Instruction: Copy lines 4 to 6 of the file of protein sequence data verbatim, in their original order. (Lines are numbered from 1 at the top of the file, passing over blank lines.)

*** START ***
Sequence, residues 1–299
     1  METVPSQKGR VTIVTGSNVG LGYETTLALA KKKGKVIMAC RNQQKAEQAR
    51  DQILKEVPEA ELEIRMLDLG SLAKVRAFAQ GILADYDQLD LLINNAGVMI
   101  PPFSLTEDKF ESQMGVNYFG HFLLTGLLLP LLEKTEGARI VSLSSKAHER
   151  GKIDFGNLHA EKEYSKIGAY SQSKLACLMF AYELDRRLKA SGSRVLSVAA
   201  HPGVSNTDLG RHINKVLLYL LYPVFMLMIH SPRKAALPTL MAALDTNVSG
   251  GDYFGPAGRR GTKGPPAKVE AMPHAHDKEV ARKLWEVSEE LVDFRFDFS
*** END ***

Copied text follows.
   101  PPFSLTEDKF ESQMGVNYFG HFLLTGLLLP LLEKTEGARI VSLSSKAHER
   151  GKIDFGNLHA EKEYSKIGAY SQSKLACLMF AYELDRRLKA SGSRVLSVAA
   201  HPGVSNTDLG RHINKVLLYL LYPVFMLMIH SPRKAALPTL MAALDTNVSG